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Christos Kehagioglou and Sotiris Kakisis for MES TO STO FOS

Through the light , a separate calendar. What emotions does this new release fill you with?

H.K.: This diary has become a small institution, a very beautiful habit now. It's our eleventh since 2012. It's something we particularly enjoy every year, like a wish for the year to come, with a new proposal every year, a fresh look.

"Things always happen in their own way," you have stated, Mr. Kehagioglou. So how did this collaboration come about?

H.K.: Indeed, in her own way! I made a proposal ten years ago to Giorgos Bilalis to publish a calendar with my works, in this particular format, to be satisfying and to function as an art object. The idea came completely out of the blue from something I had seen in London. George was excited about the idea and we went ahead with it. It's as if he appeared in our lives in a magical way.

The water element is a constant that continues the months of the Calendar . What are you looking for, Mr. Kehagioglou, through this specific visual, let me use the term, search?

H.K.: Water is an element that has occupied me a lot speculatively. Its fluidity, transparency and, at the same time, its reflexivity are fields of enormous research interest. In this compared unit, whose theme is light, the water element is visually identified with light and gives the works a more abstract, I would say minimalist form.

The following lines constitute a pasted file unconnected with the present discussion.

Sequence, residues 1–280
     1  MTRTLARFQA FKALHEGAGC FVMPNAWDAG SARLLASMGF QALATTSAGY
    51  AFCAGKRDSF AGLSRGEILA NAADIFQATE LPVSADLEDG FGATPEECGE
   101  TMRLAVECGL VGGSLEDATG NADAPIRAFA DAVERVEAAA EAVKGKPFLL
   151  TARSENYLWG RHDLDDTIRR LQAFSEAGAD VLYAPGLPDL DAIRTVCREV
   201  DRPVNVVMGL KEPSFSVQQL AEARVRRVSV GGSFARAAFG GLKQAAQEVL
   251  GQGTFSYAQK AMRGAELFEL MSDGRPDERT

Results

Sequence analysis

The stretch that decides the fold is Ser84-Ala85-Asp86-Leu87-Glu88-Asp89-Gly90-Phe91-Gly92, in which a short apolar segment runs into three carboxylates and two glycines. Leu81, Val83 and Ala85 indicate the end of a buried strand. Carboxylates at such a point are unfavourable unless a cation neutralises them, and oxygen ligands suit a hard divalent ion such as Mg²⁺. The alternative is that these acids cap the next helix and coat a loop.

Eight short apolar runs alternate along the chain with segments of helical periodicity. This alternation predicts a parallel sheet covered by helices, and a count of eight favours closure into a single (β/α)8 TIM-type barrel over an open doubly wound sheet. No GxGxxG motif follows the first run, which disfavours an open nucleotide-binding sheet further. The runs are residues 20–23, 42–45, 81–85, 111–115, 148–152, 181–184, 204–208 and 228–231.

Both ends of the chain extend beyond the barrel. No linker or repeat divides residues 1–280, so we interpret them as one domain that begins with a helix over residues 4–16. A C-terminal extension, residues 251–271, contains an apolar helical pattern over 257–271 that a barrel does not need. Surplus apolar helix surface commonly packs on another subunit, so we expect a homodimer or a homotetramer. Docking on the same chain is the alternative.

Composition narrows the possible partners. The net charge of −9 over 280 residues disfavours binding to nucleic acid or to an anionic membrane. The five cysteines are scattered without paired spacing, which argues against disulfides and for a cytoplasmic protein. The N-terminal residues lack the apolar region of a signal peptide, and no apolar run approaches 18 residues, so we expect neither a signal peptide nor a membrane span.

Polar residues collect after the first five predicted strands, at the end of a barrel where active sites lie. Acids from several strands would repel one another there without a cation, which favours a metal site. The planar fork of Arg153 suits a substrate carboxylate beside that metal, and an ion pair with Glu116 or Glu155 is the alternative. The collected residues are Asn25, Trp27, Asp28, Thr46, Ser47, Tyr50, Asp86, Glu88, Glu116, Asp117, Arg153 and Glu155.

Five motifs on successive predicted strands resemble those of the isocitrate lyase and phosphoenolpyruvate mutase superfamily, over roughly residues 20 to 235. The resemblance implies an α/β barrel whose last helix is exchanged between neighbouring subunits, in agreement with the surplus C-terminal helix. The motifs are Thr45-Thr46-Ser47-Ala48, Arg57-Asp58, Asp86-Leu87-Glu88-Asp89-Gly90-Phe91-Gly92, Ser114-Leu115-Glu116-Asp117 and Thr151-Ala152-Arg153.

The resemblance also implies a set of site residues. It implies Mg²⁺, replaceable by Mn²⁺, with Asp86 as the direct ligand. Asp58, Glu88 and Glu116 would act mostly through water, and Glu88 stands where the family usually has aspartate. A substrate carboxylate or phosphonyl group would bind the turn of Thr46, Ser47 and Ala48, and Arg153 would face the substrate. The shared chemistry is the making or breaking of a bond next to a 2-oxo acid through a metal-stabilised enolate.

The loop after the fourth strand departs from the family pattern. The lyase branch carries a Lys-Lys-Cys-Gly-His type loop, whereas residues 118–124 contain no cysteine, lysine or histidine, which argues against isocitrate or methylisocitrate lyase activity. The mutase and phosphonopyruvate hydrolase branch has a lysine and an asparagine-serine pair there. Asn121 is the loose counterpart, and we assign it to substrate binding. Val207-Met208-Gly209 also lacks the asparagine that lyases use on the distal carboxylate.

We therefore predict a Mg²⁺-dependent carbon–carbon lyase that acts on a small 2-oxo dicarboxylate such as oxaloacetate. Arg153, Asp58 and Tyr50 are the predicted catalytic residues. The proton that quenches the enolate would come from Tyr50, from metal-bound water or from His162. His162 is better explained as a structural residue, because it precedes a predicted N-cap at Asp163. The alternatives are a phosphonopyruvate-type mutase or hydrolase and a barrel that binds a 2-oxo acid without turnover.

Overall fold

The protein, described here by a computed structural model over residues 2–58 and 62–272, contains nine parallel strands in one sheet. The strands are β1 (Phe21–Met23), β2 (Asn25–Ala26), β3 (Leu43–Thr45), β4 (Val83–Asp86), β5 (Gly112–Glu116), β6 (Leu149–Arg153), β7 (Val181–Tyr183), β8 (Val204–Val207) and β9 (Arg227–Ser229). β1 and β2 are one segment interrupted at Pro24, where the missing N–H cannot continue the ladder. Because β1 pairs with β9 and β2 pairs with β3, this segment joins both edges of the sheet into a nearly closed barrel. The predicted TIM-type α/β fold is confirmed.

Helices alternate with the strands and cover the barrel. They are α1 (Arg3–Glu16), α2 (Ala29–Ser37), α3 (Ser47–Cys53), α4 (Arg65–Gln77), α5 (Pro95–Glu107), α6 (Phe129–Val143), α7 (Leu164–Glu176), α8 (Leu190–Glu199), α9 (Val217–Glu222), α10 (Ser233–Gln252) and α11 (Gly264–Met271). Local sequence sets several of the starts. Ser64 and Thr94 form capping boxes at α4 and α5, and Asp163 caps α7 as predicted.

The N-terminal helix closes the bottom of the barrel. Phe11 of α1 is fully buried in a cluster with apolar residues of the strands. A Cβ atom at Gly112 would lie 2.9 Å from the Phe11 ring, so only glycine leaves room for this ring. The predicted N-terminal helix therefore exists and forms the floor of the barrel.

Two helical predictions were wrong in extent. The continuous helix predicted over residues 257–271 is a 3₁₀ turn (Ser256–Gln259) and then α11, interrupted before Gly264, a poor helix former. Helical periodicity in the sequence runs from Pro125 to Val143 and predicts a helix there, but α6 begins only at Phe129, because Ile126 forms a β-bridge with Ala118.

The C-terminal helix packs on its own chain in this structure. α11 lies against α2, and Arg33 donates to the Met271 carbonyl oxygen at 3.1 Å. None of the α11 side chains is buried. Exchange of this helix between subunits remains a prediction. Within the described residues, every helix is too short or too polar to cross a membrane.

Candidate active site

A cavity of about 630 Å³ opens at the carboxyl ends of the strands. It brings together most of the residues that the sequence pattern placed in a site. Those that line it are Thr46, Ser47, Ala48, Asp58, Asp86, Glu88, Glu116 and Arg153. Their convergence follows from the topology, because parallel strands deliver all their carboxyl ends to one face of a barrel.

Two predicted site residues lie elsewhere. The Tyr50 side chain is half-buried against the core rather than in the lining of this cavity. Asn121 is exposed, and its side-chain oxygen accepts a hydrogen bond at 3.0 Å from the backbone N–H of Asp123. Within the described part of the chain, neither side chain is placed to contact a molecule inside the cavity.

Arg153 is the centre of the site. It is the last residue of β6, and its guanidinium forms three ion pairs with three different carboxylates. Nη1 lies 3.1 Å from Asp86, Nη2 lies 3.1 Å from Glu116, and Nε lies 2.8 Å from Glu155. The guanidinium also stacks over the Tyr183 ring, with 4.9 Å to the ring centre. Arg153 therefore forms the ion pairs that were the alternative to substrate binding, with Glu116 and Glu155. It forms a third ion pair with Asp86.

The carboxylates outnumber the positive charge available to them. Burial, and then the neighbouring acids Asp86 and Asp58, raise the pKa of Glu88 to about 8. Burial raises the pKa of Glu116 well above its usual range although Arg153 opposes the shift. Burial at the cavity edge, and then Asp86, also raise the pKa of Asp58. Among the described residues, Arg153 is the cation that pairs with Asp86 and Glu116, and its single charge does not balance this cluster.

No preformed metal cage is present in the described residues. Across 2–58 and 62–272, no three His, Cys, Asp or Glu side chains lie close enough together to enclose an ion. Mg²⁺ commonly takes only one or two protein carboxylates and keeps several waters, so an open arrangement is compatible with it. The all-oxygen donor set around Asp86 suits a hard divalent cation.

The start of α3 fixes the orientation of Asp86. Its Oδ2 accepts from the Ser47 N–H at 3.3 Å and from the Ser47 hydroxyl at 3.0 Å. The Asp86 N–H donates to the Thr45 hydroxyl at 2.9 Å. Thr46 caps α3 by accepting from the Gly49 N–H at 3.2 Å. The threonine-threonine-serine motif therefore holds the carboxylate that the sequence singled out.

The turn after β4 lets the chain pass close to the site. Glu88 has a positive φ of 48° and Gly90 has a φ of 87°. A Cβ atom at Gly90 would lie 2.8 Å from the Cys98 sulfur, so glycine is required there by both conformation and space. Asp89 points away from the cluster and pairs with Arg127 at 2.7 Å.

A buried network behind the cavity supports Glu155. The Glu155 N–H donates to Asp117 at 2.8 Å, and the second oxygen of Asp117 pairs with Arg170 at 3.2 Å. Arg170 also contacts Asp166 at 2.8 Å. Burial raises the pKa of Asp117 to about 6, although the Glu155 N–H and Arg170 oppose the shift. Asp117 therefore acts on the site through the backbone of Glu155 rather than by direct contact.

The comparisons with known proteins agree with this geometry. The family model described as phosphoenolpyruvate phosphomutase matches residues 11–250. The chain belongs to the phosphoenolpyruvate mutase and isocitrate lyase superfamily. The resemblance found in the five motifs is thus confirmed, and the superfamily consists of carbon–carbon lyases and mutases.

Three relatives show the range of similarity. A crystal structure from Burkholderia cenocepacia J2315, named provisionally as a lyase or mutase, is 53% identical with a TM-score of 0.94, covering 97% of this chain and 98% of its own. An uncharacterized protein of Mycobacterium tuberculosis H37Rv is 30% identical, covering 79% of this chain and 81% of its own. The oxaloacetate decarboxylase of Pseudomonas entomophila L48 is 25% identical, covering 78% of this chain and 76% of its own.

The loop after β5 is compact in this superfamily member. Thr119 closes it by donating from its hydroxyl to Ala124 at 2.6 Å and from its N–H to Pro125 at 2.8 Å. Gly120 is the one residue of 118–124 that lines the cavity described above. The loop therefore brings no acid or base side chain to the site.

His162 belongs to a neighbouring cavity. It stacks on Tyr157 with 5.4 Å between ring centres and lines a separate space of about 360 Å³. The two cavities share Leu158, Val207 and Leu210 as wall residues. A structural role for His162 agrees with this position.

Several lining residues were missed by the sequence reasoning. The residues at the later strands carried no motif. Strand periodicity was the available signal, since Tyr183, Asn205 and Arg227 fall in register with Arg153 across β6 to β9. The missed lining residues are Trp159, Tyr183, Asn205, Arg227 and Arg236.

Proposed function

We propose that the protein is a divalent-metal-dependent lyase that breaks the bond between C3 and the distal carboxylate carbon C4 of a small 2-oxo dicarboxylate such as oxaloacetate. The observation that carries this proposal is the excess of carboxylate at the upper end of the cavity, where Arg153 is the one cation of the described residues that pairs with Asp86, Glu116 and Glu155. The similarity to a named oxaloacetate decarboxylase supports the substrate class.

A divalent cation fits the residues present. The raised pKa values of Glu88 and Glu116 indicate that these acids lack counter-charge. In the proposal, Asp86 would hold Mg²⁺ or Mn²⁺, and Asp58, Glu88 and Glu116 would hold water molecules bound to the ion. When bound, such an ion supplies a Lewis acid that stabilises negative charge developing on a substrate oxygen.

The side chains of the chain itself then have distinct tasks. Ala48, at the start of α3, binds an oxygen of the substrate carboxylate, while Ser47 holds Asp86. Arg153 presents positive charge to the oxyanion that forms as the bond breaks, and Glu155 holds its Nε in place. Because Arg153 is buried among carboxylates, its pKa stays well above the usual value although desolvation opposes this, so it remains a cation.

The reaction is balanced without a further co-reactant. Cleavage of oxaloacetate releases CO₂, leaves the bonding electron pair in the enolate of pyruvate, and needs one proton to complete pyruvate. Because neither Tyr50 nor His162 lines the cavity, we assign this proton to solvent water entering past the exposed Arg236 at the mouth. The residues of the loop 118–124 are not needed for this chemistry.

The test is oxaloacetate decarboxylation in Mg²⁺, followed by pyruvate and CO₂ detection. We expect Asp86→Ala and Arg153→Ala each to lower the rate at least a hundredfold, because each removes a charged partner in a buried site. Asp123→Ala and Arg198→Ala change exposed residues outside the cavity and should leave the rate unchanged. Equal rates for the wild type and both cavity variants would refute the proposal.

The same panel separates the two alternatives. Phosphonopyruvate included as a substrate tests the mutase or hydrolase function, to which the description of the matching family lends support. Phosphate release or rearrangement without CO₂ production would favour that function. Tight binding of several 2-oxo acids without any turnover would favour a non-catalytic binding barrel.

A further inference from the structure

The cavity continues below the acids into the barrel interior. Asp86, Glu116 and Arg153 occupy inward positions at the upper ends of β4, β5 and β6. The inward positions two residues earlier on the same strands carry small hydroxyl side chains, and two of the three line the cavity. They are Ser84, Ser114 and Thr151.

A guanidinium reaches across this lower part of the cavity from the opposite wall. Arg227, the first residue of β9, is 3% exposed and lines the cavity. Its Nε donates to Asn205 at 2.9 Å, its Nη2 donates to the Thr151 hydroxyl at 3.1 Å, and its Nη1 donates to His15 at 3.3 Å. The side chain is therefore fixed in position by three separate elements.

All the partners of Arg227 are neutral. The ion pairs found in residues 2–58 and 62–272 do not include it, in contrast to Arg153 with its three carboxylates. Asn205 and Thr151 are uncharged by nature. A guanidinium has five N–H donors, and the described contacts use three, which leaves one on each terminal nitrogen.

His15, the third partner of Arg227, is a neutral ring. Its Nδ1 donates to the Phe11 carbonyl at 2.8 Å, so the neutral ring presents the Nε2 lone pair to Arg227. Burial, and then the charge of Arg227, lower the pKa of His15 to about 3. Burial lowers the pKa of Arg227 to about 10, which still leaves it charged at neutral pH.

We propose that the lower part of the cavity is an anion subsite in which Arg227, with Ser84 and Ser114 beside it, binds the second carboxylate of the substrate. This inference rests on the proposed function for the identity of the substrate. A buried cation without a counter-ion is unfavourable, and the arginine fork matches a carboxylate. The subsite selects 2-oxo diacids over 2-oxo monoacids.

The world around us is a constant source of inspiration for your work. Does time, how does it surround him or possibly reshape him in your thinking?

H.K.: Paintings are, in principle, timeless. In the blink of an eye you have grasped a project in its entirety. But then the movement of the eye, the wandering of the gaze within the work embraces the surface, explores it and creates time, creates a relationship. It is an idiosyncratic time-relationship produced by the meeting of the composition with the particular look and mood of the viewer.

How do you think this "cohabitation" of image-speech reaches the reader?

H.K.: The viewer initially sees the work. It combines it with the specific month it represents in the Calendar . The first associations are created automatically. Then he reads the poem, which has a very free relationship with the work, and much more complex and interesting thoughts are created there. The journey goes far, becomes more magical, more enigmatic.

SK: I always hope for that too, the most enigmatic, the most magical. That a picture and a poem can convey what their creator feels in the first place, what makes him paint or write, and what he hopes to capture with colors or words.

Extra lives are the works. Enigmatic films. Each one with its own narrative, its own way, now distanced from the creator.

The poetic composition of the Diary is a consequence of the anecdotal poetry collection Upside the Wind . Could you, Mr. Kakisis, tell us about this collection?

SK: No, of course. A sample of her as a trailer from the future is here, besides, her turn is late, and besides the twelve poems of these Diary that are here, I can't add anything. To talk about how maybe a project is done, but to analyze it, if necessary, maybe someone else will also be interested in doing it.

"My movement is all cinema, film, cinema," you write, Mr. Kakisis. I'd like you to tell me how cinematic depiction, with whatever distortions, embraces everyone's work.

SK: People have been living extra lives with cinema since its inception. So am I, how else? Perhaps each of us, as an actor or a director, invisibly re-elevates his life and thoughts, going in and out of images and foreign ones, so that a multidimensional depiction of him emerges in his work in the end, richer in this way on the one hand but also more complex on the other hand. another to be done, for better or for worse.